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United States of America v. Sabil M. Mujahid

UNITED STATES DISTRICT COURT FOR THE DISTRICT OF ALASKA


February 10, 2012

UNITED STATES OF AMERICA
PLAINTIFF,
v.
SABIL M. MUJAHID, DEFENDANT.

The opinion of the court was delivered by: John D. Roberts United States Magistrate Judge

SECOND ORDER REGARDING MOTION(S) FOR LEAVE TO CONDUCT DISCOVERY ( § 2255)

and

MOTION FOR RECONSIDERATION (Docket No. 157, 163, 164)

Defendant Sabil M. Mujahid has filed a second motion for leave to conduct discovery. Docket 163. The government has moved the court to reconsider its order (Docket 162) addressing the defendant's first motion for leave to conduct discovery. Docket 164.

Motion to Reconsider, Docket 164

The court first addresses the government's request for reconsideration which essentially argues that the defendant is entitled to no discovery because the government had no obligation to provide impeachment information as to Gregory Tseboate who was called as a witness for the defense and not the government. The court is well aware that Tseboate was not called as a government witness at trial. The Ninth Circuit Court of Appeals declined to address the Brady/Napue issues raised on appeal in this case because the issue presents allegations of fact outside the trial court record. An issue in the § 2255 proceedings is whether exculpatory or impeaching evidence was illegally withheld by the government from the defendant for his use at his trial. The credibility of Tseboate was significant at trial in determining the ownership of the firearm and ammunition that Mujahid had in his possession.

The § 2255 Motion raises issues of material fact regarding the government's due process duty to disclose exculpatory material to the defense. A determination of whether any previously undisclosed information is "material" to guilt or innocense entitles the defendant to collateral relief is preserved for the evidentiary hearing and arguments of counsel. Information is "material" if had the evidence been disclosed to the defense, there is a "reasonable probability" that the result of the trial would have been different. See United States v. Bagley, 473 U.S. 667, 682 (1985) and cases cited in the defendant's briefing. The defendant has made a sufficient showing for the need for discovery as granted.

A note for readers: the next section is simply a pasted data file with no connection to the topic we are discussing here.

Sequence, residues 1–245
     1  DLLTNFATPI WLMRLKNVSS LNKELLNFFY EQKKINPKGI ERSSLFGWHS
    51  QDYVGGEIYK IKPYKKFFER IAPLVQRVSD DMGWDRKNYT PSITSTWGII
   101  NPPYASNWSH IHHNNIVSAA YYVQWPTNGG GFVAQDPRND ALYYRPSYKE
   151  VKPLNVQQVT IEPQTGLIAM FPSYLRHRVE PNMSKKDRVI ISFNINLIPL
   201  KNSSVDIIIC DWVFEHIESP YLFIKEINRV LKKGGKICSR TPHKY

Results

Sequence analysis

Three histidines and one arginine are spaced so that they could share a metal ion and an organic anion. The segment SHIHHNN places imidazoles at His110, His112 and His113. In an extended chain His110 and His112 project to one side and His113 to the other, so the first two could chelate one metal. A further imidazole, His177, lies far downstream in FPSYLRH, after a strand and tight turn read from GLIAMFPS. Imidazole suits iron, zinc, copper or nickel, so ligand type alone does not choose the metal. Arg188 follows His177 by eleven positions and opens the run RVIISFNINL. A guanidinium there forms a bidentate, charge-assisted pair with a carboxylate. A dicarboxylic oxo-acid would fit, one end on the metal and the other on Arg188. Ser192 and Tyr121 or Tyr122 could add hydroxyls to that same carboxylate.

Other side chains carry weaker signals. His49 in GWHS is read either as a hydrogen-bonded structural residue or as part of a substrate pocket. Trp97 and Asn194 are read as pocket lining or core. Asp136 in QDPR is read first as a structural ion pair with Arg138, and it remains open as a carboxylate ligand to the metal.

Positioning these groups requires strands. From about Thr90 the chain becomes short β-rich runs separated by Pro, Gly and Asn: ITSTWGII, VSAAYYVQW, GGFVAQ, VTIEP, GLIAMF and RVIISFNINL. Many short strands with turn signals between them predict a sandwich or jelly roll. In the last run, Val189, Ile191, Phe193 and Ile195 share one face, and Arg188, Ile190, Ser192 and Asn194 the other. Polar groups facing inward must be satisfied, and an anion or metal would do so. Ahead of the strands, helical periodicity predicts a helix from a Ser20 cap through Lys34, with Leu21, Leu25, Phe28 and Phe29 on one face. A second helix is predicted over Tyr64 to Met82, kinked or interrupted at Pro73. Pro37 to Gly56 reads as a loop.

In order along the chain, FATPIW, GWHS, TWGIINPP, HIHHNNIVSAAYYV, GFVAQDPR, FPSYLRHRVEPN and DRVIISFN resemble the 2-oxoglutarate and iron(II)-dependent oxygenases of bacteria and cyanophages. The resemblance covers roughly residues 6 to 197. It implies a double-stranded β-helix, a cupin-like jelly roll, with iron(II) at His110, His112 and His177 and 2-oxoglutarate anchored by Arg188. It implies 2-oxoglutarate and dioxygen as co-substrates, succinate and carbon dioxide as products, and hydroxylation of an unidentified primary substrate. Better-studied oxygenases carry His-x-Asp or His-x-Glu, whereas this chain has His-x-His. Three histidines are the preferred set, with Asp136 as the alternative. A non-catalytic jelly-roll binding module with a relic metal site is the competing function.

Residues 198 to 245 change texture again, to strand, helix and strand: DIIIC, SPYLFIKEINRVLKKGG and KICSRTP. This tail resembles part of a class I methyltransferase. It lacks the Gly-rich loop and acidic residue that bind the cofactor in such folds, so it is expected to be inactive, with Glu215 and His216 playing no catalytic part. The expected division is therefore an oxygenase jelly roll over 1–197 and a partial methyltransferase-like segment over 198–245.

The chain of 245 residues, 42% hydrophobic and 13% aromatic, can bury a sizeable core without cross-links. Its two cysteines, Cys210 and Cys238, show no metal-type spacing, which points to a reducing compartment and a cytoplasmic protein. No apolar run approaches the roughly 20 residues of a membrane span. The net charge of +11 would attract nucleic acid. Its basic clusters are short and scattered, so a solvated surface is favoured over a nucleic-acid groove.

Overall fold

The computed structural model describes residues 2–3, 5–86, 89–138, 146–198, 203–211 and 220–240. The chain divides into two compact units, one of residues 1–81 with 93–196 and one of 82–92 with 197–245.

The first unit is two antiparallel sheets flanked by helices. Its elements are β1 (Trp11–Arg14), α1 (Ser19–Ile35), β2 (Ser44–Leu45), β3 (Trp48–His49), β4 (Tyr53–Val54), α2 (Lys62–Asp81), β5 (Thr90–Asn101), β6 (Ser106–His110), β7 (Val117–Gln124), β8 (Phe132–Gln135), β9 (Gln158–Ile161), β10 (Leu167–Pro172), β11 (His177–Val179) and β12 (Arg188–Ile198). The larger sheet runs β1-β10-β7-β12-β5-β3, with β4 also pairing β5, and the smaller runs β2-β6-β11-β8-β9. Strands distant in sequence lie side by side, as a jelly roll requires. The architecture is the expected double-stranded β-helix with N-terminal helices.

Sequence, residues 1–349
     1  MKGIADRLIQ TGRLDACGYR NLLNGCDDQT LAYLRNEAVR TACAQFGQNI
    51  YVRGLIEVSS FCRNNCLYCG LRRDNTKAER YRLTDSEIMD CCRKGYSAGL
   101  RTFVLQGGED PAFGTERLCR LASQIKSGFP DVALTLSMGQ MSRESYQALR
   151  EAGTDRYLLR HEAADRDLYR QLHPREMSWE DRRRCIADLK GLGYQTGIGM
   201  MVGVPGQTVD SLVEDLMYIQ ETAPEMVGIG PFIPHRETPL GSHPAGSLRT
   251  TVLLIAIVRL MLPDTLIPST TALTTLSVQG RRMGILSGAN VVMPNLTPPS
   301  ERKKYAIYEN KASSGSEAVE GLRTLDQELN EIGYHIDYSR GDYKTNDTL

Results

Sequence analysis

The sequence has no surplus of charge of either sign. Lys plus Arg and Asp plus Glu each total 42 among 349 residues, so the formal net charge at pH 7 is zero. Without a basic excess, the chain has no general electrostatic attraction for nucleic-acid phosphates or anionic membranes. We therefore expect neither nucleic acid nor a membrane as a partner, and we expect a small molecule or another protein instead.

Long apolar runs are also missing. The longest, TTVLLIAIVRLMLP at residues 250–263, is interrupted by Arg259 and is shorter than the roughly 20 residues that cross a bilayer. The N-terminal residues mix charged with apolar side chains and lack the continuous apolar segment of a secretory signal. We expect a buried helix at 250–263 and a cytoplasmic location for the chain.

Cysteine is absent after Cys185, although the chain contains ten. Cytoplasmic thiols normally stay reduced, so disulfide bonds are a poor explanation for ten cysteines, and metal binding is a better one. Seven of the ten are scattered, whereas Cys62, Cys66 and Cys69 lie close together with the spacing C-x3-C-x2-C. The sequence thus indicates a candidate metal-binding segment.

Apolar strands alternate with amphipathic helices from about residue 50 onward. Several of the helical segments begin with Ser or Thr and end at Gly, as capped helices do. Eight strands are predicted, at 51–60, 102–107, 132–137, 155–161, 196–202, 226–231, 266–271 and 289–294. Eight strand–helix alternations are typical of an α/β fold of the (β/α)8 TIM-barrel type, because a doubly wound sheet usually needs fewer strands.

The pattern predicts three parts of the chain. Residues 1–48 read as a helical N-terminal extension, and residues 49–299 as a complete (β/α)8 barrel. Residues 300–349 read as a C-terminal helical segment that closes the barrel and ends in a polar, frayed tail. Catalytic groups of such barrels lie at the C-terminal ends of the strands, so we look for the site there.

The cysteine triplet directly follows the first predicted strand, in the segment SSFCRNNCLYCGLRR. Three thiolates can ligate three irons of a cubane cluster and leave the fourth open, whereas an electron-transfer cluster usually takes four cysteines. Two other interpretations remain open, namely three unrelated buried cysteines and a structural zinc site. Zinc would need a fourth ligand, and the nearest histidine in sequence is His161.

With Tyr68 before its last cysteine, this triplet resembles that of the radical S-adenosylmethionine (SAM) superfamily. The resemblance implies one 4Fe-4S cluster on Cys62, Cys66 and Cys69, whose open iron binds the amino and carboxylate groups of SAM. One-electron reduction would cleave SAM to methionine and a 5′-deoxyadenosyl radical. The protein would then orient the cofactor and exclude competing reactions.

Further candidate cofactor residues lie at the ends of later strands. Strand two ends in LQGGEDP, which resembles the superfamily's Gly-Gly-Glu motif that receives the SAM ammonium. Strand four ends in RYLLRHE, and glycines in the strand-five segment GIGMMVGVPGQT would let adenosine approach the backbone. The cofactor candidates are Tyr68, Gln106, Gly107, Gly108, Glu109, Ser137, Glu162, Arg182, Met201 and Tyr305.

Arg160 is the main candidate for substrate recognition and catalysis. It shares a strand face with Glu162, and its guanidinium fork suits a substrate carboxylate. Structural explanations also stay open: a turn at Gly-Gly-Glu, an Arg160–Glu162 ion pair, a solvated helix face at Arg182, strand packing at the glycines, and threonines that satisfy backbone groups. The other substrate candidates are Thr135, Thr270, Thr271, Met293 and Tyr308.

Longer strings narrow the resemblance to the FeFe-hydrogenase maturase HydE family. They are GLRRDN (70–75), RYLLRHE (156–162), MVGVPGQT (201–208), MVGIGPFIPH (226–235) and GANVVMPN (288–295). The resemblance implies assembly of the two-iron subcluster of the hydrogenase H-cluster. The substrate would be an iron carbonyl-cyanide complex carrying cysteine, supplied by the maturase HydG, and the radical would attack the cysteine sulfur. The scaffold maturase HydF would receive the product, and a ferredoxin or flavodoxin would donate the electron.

The focus is on the fairness of the trial and not on the good or bad faith of the prosecutor. Brady v. Maryland, 373 U.S. 83, 87 (1963). In its motion for reconsideration the government states that none of the information Mujahid seeks about Tseboate is material to his guilt or innocense. This may or may not be so, but it is premature for the court to resolve that argument.

The court declines to vacate the Order for leave to conduct discovery at Docket 162. However, that Order is amended as follows: That part of the Order directing the government to identify by name "Jane Doe 10" and "Jane Doe 13" relating to Request No. 5 in Docket 157 is hereby vacated. The court will, if requested, revisit this request after conducting an in camera review of material pertaining to those persons before considering the evidence adduced at the evidentiary hearing on the § 2255 motion. In all other respects the Order at Docket 162 shall stand.

To the extent that the government is concerned about its work product being produced or the production of material that may be subject to a privilege to prevent its disclosure then the government should present such material in response to the discovery order to the magistrate judge for an in camera review. Except as stated above the government's Motion for Reconsideration is hereby denied.

Motion for Additional Discovery, Docket 163

The defendant has submitted a second motion for leave to conduct discovery. Request No. 1 seeks information relating to the government's civil and/or criminal investigation of Tseboate as to alleged fraud of obtaining money from the Department of Homeland Security or other government agency in the aftermath of Hurricane Katrina. The court file in United States v. Gregory McGruder, 3:08-cv-00241-JWS is closed but not sealed. The defense can pursue that information on its own. The defendant requests material from the government relating to their evaluation of the evidence against Tseboate in order to take legal action against him as well as all documents or recordings relating to Tseboate regarding possible fraud in obtaining disaster relief assistance. These requests are overly broad and not designed to solicit only information related to this § 2255 motion.*fn1 Request No. 1c. is likewise too broad and does not clearly designate whether the request is referring to the government's investigation of Tseboate or Mujahid.

Request No. 2 seeking all written and summaries of oral communications between the government and Tseboate before June 19, 2009 related to possible income tax fraud and/or tax evasion is similarly not limited to material affecting this § 2255 proceedings. Request Nos. 1 and 2 are hereby denied. Any further discovery requests must await the outcome of the evidentiary hearing which is presently set for February 29, 2012.

John D. Roberts


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